There is global Kashmir fatigue despite Pakistani-funded attempts through some overseas Kashmiris and sections of the international media to keep the issue alive.
It is one thing to make statements when one is not in a leadership position or a position of authority. It is quite another issue when the burden of office and its concomitant limitations of speech and action sit upon one’s shoulders.
Remember Kamala Harris’s niece tweeting about the farmers’ protest? She got a sharp rap on her knuckles and has since shut up.
The fellow in Canada has some Khalistanis in his Cabinet (and even brought one of them to India), but now sings hosannas to our Prime Minister.
Joe Biden in his first foreign policy speech as President talks of following America’s “naked self-interest” and says that if the USA invests in itself and in Americans, no country on earth, neither China nor any other country on earth, can match America.
The century just gone by will be remembered for:
America acquired unrivalled military and economic and soft power (Coca Cola, Google, Apple, Microsoft et al) that gave it tremendous political influence. America led the free world for most of the last century and developed global respect and admiration among the people of the world, despite its frequent arrogant ill-advised escapades that hurt many people, and thrilled others.
Then 9/11 came along and America discovered that it was not invincible just as China discovered in 2020 in the Galwan Valley. And the financial crisis of 2008 followed.
However, America bounced back.
In our own country, Punjab and Kashmir and the Northeast have been through stormy times. They and the rest of the country suffered hugely. But then the spirit of Mother India, Bharat Ma, triumphed and India was back where it is destined to be.
It does not matter who raises the Kashmir issue. It is deader than a dodo except for those who see it as the goose that lays the golden egg. Remember an imbecile called Shri IK Niazi?
Someone probably told Niazi about the 17th century English poet John Milton’s line in his poem “On his blindness” (Milton was blind when he wrote it) that “they also serve who only stand and wait”. So, in August 2019, he asked Pakistanis to stand for half an hour after Friday prayers so that a miracle might happen in Kashmir.
When nothing happened for a year, in a media interview he threatened war with India and lamented that “we have knocked on all doors (about Kashmir) and we will keep doing so.” Then he tried to form a parallel OIC and lost his access to the Saudi and the UAE funding. The poor man does not realize that the world’s interest in Kashmir has seriously waned, as it has in Palestine.
What will define India-USA relations in this decade? Certainly not Kashmir.
Despite its obnoxious triumphalism and arrogance, the American dream of liberty, the freedom of choice and the choice of freedom, is a universal desire, shared by billions.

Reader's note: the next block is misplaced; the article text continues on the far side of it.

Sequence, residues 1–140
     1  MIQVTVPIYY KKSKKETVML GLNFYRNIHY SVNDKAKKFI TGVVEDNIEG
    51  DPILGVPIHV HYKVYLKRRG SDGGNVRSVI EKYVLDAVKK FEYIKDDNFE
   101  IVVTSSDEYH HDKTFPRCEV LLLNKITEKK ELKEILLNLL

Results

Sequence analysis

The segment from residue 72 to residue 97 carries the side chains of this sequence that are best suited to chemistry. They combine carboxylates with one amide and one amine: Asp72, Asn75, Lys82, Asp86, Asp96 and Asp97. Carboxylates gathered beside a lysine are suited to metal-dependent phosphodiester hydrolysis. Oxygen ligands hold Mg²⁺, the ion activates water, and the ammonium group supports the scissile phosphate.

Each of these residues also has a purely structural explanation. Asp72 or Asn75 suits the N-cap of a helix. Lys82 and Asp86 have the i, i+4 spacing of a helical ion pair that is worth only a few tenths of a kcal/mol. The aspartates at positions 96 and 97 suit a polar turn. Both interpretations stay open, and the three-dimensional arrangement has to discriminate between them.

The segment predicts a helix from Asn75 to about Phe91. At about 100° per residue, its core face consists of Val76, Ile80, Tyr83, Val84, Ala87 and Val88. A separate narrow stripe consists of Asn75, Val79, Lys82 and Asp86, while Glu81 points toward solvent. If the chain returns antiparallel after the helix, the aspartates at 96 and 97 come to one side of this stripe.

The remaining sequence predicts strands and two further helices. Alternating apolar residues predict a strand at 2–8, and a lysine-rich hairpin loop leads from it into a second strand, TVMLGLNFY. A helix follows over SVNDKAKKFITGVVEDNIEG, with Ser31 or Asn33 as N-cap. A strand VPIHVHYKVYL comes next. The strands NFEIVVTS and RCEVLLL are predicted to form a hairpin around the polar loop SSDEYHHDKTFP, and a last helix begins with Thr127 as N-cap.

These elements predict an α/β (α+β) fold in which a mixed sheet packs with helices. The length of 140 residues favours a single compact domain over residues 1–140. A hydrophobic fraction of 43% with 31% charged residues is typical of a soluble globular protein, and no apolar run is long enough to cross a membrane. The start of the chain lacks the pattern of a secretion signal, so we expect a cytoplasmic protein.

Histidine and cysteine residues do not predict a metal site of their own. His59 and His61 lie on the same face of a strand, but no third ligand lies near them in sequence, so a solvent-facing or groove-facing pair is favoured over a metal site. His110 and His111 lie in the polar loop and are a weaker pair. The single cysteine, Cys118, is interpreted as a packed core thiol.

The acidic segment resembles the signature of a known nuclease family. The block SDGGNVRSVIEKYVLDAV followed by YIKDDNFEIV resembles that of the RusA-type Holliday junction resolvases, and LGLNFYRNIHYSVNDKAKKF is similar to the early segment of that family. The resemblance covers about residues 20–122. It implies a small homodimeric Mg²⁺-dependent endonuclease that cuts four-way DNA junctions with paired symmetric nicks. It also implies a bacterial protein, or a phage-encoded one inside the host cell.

A phone call between the newly elected US President within weeks of his swearing-in in January 2021 and the Prime Minister of India and two phone calls between the Ministers of Foreign Affairs of the two countries in the space of two weeks are remarkable.
The US Defence Secretary came to India some weeks ago and the Secretary of State has just come (during his visit he met with a representative of the Dalai Lama. I have never seen this level of coordination of policies and priorities between the two countries.
In the 1990s, India was the go-to nation for IT issues. Now it leads the world in the manufacture of pharmaceuticals. It is a world leader in fighting climate change and terrorism. India is right up there in harnessing clean energy, especially solar. So, which country does India have of similar values to define our brave new world? America.Which country does America have of similar values to define our brave new world? India.
Both peoples want the freedom of choice and have made the choice of freedom. We had bridges of friendship, now we have built the highways of understanding. India-USA relations will go far, far beyond Kashmir.
Some years ago, a senior American official (with strange links to Pakistan) had questioned the Instrument of Accession of Kashmir to India. Last year, she was raided by the FBI for sharing secrets with Pakistan.
Having traversed a rocky trail, the best definition of the new US-Indian relationship is the catch line of the old Virginia Slims advertisement of the 1970s: You’ve come a long way baby!
And for those enlightened Americans who prefer free and democratic India over repressive and murderous China, I respond with another catch line from a mid-1990s Indian Pepsi advertisement: Yehi hai right choice baby!
It had to happen; it is the inexorable march of history, with the synergies now clearly evident. 2,500 years ago, a thinker named Chanakya had wisely said that there can be no friendship without self-interest.
What are the six major challenges for our virus damaged world and what is the self-interest of India and the USA in forging ever closer ties?
China, of course, is the elephant in the room, but there are also other issues. India-US relations will not be posited solely on common animosity to China.